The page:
Art and the 5 Senses

Art resonates with our senses. As artists themselves are human, they develop strong emotions towards what they come into contact with using their senses—the sea rippling in everlasting beauty, the taste of freshly brewed espresso, a delightful floral scent—and translate these feelings into art. These feelings then resonate and ally themselves with the respective senses of us viewers. 

A second way artists can engage with our senses is through creating works that intrinsically welcome our senses to experience the artwork, for example, a tactile sculpture, visually stimulating piece, or multi-sensorial exhibitions.

Overall, art can engage multiple senses through both ways, creating an immersive and unforgettable experience. Read on to join us in exploring how different artists create interesting works that distinctly resonate with our five senses! They're sure to develop your appreciation and closeness to art.


Artists can bring to life a vivid image by painting what they've seen with their own eyes, connecting with our sense of sight. Ranjith Perera's "Bengal Tiger" sublimely displays the magnificence and beauty of the animal—bold stripes, a dignified face; all lit in a golden hue, as if in the sun's rays were illuminating it.


Yeo Jian Long illustrates a forested path. The vanishing point perspective creates a sense as if you were at the scene, staring down the path. Additionally, the artist's choice of inversed colours make it all the more trippy and hypnotising.

Art can also appeal to the sense of sight with patterns and illusionsRadhika Choudhary's work is minimal, bright, clean, and involves a fun interplay of geometric shapes aligned together to form a cohesive pattern. The balance and interplay of different elements is aesthetically pleasing to the eye.


On the other hand, get tripped up by Nicky Henderson's visual illusion paintings.


Last but not least, art can connect with our sense of sight by being exceptionally visually stimulating! For example, Mark Beattie's neon series is eye-catching, especially so in a darker room. Witness "Pink Pearl", a precious spiral of luminescent rosy radiance. Beside it a blue counterpart, giving off a more mysterious and deep feel.


Another must-mention visual masterpiece: "Anubis" by Arran Gregory. Made entirely in mirrors, the world reflected in each plane truly engages one's sense of sight!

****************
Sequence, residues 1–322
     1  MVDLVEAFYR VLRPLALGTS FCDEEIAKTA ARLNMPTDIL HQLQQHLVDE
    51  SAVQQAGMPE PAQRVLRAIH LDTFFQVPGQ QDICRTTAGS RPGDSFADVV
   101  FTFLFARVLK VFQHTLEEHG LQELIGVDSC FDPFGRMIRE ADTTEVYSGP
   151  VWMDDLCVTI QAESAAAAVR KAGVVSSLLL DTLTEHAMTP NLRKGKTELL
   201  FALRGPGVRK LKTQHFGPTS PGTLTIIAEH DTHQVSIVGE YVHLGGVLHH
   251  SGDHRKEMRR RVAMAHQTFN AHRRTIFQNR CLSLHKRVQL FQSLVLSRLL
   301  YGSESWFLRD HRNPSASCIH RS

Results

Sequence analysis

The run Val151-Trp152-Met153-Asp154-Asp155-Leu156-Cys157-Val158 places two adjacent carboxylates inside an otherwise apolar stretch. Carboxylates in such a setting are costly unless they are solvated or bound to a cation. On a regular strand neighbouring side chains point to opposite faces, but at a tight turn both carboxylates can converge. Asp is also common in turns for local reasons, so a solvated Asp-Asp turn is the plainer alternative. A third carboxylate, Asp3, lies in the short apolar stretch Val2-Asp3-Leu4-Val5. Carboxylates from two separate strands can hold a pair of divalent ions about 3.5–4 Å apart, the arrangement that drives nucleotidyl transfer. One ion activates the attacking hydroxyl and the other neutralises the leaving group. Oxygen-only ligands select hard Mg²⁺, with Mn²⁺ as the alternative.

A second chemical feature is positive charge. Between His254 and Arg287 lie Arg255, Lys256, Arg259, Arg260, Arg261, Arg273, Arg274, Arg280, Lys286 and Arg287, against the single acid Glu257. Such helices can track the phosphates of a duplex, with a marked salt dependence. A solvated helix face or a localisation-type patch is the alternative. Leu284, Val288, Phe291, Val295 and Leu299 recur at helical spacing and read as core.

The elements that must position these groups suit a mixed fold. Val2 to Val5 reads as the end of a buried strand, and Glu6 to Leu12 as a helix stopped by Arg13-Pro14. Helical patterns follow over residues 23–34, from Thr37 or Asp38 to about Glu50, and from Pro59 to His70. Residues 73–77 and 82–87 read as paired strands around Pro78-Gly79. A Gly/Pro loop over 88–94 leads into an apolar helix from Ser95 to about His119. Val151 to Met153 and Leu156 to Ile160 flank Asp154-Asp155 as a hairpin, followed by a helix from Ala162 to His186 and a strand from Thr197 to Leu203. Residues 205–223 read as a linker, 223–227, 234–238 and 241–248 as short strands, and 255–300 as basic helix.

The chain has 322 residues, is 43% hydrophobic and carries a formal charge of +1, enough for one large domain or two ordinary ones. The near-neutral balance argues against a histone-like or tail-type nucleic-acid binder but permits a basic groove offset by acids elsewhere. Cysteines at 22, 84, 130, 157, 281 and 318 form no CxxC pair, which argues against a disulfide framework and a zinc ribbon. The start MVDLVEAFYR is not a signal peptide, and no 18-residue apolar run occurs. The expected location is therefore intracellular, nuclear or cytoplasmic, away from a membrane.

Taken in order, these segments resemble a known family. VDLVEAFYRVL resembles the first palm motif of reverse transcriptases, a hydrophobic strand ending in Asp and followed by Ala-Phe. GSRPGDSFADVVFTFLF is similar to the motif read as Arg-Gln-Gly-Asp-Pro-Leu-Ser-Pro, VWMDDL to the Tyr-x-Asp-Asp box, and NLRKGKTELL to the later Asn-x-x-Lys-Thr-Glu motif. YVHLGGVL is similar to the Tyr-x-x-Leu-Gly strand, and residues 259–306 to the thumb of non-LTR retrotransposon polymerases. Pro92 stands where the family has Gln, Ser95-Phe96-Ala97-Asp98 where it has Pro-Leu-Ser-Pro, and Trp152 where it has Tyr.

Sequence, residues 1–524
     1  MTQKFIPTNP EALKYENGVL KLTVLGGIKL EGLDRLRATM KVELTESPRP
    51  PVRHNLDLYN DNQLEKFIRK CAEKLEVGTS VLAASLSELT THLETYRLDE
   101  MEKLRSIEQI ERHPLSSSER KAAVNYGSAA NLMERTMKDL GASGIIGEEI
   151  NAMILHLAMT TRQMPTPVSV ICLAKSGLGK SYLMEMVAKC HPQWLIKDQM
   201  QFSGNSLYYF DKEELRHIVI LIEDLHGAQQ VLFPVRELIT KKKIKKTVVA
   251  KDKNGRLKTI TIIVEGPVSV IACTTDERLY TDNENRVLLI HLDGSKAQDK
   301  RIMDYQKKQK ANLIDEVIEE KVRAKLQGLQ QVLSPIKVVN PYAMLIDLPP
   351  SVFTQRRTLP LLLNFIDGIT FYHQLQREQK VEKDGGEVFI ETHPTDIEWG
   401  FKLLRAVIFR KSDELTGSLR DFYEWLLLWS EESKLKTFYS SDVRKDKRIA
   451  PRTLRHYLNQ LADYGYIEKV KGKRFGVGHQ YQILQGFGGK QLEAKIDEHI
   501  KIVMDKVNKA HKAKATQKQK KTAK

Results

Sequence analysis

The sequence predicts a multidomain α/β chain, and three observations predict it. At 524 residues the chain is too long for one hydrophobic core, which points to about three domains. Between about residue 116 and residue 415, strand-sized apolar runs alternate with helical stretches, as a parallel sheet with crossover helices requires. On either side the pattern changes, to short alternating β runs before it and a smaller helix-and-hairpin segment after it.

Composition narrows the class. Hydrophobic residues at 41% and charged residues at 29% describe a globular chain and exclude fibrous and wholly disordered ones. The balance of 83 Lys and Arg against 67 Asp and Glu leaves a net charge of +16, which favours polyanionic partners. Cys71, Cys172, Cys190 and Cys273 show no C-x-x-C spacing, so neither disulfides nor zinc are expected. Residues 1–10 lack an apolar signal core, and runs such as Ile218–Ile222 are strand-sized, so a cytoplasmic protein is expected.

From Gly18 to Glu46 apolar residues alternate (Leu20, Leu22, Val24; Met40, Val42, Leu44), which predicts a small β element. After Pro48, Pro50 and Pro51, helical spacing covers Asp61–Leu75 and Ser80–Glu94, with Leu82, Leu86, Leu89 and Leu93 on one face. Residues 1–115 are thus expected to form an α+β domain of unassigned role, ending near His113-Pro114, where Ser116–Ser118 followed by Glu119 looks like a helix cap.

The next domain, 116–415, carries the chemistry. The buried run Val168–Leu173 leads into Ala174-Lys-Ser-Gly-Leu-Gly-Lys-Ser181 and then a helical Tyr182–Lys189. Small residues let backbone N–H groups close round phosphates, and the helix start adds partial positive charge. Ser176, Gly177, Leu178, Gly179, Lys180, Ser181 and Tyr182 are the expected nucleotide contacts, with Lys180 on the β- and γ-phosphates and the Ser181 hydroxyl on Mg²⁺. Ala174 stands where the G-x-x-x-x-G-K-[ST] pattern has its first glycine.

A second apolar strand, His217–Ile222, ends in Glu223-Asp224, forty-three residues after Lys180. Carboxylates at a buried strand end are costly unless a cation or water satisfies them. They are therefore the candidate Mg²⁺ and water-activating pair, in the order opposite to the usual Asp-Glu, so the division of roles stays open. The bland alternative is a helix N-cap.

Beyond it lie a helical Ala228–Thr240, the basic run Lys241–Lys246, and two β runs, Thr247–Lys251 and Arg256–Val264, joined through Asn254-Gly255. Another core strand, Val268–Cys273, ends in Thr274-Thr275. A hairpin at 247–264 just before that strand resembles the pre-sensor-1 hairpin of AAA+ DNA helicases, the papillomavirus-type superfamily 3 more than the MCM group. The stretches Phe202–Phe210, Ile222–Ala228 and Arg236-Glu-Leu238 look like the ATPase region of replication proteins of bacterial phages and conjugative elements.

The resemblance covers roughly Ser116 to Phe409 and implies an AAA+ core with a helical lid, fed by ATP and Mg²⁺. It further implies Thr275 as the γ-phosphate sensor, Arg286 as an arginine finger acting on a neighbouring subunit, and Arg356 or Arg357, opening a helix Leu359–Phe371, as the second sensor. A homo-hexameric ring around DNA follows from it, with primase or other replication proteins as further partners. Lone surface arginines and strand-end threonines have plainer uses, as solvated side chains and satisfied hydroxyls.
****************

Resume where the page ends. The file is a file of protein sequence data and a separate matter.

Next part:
Waves, crashing into the shoreline, the city's bustling traffic, birds chirping—these respective works by Ellie LasthiotakiJose Martinez, and Umakant Kanade transport these nostalgic sounds into our present.


Close your eyes and imagine the chirpy, upbeat conversation between this group of songbirds. Colourful and standing out from the monochrome background, the attention is all of them!


If you've ever watched Ratatouille, you may remember the scenes in which taste manifested in abstract illustrations in Remy's head! Observe the way our artists can appeal to the sense of taste through form and colour.


Stanko Ropic's simple compositions with large areas of colour easily appeal to the sense of taste. What do both of these differently hued paintings hint to your taste buds? The blend of blue and green shades seem to hint at a more bitter taste, while the orange over pink hints at a mix of citrus and sweetness!


"Skinny Coconut Long Black" by Yenny Yohan was inspired by the smell of a fresh brewed espresso, with a teaspoon of coconut oil. Like the layers of flavour in her cup, the gradients of white, brown, and black form a beautiful harmony.


Behold these zealous bold pink and lime colours powerfully fanned out on the canvas, displaying intensity and vigour. Imagine a sour, tangy sparkling drink that pops on your tongue with flavour! Art by Andy Yang


Featuring works that resonate with our sense of smell: Tran Xuan Binh grants us with a point of view right in the heart of a flowerpetals furled around us, pollen visible underneath. A floral scent is effortlessly conveyed. Can you smell the smell of the sea emanating from Tommy Kwak's photograph? The gentle waves embody a wonderous turquoise colour, their highlights glistening in the sunlight like jewels.



Tactile art forms such as textiles, 3D paintings, and sculptures can engage the sense of touch. These art forms invite us to reach out, hold and feel them, connecting us to the art in a different way. 

To start off, witness this tactile medium of mother of pearl and oil on canvas by Yoon Jungeun. It invites a layered and exquisite tactile experience. Beside, an intricate textile painting. Visit her collection to read more about her creative style that encompasses countless, labour-intensive motions involving 7mm line brush drawings with thread.


Beautifully textured, France Gaggioli wows us with her textured acrylic on lotus leaves on wood paintings. Taking on the details and form of the leaves, a natural touch is truly exuded.


Lastly, works can engage our sense of touch by their solid presence as 3D forms. Yessculptures! Featuring these unique pieces from Cha Jong-Rye's "Expose" series. Round, smooth, jagged, crumpled; they can connect to our sense of touch in many unique forms.


Thank you for journeying through this post with us! We hope you've been fulfilled exploring the five senses and developed a greater closeness to art.

Are you looking for a particular work that will resonate with your senses? Chat with our helpful team to find your perfect fit, or even commission bespoke works for your collection. Alternatively, email us at